ANN ARBOR, Mich. — Michigan has the chance to remain undefeated — and to repeat some glorious history — in this weekend’s marquee Big Ten matchup.
The fourth-ranked Wolverines (4-0, 1-0 Big Ten Conference) host No. 8 Wisconsin (4-0, 1-0) at 3:30 p.m. ET Saturday at Michigan Stadium, looking for their first win over a top-10 team since 2008 — when they beat No. 9 Wisconsin, 27-25 at Michigan Stadium.
Michigan has dominated out of the gate this season, averaging 52 points per game, scoring at least 45 points in each of its four games, and holding an AP top-5 ranking for the first time since opening the 2007 season at No. 5.
Wisconsin also enters Saturday’s game undefeated, and does so despite a quarterback switch and injuries to several of its key players.
When Michigan has the ball
The Wolverines will try to run the ball against the Big Ten’s top rushing defense (80.5 yards per game), a week after notching its highest rushing output of the season (326 yards) in a 49-10 win against Penn State. Michigan wields a young but already-poised quarterback in Wilton Speight, who will make his fifth consecutive start as a redshirt sophomore. Speight averages 218.8 passing yards a game, and will face a defense that sacked Michigan State quarterback Tyler O’Connor 4 times last weekend and intercepted him 3 times — but also allows nearly 200 passing yards per game.
Wisconsin’s depth, however, is on defense, particularly at linebacker. T.J. Watt, seventh in the nation with 4.5 sacks, leads the way, with T.J. Edwards and Jack Cichy combining for 40 tackles so far. Wisconsin, however, will be without linebacker Vince Biegel (foot surgery), one of its strongest pass rushers.
When Wisconsin has the ball
Expect methodical, sustained drives from the Badgers, and expect a team that will take its time when it has the ball. Wisconsin will utilize an offensive scheme that’s much like Michigan’s in the fact that the Badgers also utilize fullbacks and tight ends. Wisconsin also boasts running back Corey Clement, who insists he’s healthy despite practicing with a heavily taped ankle this week.
Quarterback, however, has been THE question mark for the Badgers. And the question hasn’t been how to fix any particular struggles under center, but simply, “who will be the quarterback?” Alex Hornibrook, a redshirt freshman, replaced redshirt senior Bart Houston as the starter last weekend and helped the Badgers to a 30-6 win against Michigan State. Hornibrook was 16 for 26 passing for 195 yards and a touchdown and was intercepted once.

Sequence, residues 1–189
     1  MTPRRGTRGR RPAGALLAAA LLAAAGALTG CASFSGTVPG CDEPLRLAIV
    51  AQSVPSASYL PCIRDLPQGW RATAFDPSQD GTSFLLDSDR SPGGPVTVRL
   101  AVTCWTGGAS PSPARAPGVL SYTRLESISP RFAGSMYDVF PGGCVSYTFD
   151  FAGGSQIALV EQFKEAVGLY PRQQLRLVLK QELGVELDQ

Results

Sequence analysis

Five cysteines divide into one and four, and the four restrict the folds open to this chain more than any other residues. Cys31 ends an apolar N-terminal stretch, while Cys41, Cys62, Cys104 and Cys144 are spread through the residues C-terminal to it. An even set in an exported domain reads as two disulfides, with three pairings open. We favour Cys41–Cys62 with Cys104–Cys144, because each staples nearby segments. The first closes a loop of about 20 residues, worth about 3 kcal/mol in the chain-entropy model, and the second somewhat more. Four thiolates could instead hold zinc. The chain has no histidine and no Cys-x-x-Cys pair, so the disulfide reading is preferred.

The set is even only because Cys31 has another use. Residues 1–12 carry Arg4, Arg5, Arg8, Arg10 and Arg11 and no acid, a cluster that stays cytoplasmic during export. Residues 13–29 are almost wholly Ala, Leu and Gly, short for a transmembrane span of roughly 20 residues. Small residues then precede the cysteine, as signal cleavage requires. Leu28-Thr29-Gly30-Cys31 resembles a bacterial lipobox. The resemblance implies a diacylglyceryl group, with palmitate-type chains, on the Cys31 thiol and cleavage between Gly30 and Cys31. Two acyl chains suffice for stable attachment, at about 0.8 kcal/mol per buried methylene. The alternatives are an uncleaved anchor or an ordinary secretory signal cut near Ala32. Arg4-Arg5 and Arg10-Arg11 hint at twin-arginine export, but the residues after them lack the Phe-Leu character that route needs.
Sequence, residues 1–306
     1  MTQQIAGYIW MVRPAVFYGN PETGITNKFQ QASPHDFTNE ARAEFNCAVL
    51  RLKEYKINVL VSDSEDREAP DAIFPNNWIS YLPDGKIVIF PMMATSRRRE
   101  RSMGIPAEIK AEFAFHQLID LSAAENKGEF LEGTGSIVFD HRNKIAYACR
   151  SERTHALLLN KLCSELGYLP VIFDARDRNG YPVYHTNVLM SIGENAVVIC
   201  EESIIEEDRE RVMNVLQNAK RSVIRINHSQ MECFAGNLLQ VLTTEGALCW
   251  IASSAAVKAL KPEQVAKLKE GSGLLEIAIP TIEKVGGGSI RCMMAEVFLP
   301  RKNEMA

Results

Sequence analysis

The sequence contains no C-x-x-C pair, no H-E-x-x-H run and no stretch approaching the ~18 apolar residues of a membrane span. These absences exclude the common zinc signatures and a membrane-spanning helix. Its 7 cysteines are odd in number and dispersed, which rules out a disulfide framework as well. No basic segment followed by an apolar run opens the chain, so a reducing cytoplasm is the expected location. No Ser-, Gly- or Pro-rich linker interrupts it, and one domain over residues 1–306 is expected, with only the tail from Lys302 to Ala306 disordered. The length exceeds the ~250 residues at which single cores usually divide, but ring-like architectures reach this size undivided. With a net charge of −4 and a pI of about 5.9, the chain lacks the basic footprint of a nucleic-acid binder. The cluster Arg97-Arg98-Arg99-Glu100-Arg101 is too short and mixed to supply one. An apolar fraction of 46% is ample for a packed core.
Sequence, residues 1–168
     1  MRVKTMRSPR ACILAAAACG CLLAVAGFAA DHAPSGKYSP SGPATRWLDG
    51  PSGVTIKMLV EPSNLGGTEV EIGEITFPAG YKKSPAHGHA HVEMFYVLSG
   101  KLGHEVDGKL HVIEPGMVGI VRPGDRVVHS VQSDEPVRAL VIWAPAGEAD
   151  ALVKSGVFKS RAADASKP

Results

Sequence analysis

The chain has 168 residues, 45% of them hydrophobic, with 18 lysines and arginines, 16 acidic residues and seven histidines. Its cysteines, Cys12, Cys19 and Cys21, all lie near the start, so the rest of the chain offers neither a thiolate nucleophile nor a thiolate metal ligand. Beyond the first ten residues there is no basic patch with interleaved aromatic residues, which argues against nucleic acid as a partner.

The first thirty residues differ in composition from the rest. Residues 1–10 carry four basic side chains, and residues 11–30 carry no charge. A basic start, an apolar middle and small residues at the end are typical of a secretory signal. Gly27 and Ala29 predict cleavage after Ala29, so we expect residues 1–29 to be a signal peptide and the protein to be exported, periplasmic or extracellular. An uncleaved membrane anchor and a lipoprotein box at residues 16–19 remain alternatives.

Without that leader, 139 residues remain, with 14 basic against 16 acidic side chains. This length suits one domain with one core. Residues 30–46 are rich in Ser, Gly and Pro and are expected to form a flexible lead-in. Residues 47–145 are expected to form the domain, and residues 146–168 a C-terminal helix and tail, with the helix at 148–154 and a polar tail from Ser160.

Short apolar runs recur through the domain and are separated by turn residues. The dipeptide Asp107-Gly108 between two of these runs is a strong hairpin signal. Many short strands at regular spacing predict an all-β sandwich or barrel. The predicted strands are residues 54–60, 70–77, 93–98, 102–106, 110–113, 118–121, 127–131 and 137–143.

Hornibrook, however, will play behind an offensive line that’s been shuffled because of injuries. On the other side of the ball is a Michigan defense that sacked Penn State quarterback Trace McSorley six times, but is shuffling its secondary after the loss of cornerback Jeremy Clark (ACL tear).
Andrew Endicott takes over as Wisconsin’s kicker after Rafael Gaglianone underwent season-ending back surgery on Thursday.
Gaglianone went 7 for 8 on field goals in Wisconsin’s first three games, but sat out the win against Michigan State, and Endicott kicked a 41-yard field goal but missed an extra point against the Spartans.
Jabrill Peppers will continue to be a focal point at punt returner for Michigan. He had two punt returns for 58 yards against Penn State but had a 53-yard run — which ended when he tripped inside the Penn State 10 — waved off because of a sideline interference penalty against the Wolverines. Michigan special teams coach Jay Harbaugh mentioned this week that Jourdan Lewis could also return punts. Lewis had two kickoff returns for 21 yards against Penn state.
Michigan did not kick any field goals against Penn State, but is 28 for 28 on point-after kicks.
It’s likely that Michigan coach Jim Harbaugh and Wisconsin coach Paul Chryst put their friendship on the shelf this weekend, in preparation for the matchup of top-10 teams.
Michigan has dominated opponents by exploiting their weaknesses. Seemingly every adjustment Michigan has made in its first four games has succeeded, be it going to the pass when getting stuffed on the run (against UCF), taking advantage of a shaky offensive line to swarm the quarterback and a depleted linebacking corps to maximize the run game (against Penn State), or even capitalizing when the quarterback gets injured (against Colorado).
This week’s test for the Wolverines will be to find out how to get tactical against Wisconsin after facing three hurry-up offenses against UCF, Colorado and Penn State.
If Michigan wins, it will be the biggest step so far on a path toward pursuing an East Division championship, but Michigan State and Ohio State still await later in the season.
If Wisconsin wins, it will show that the Badgers A) are no fluke and B) that this team can thrive, despite injuries and the constant shuffling of players.
Rachel Lenzi’s prediction: Michigan 28, Wisconsin 14
Brandon Justice’s prediction: Michigan 24, Wisconsin 10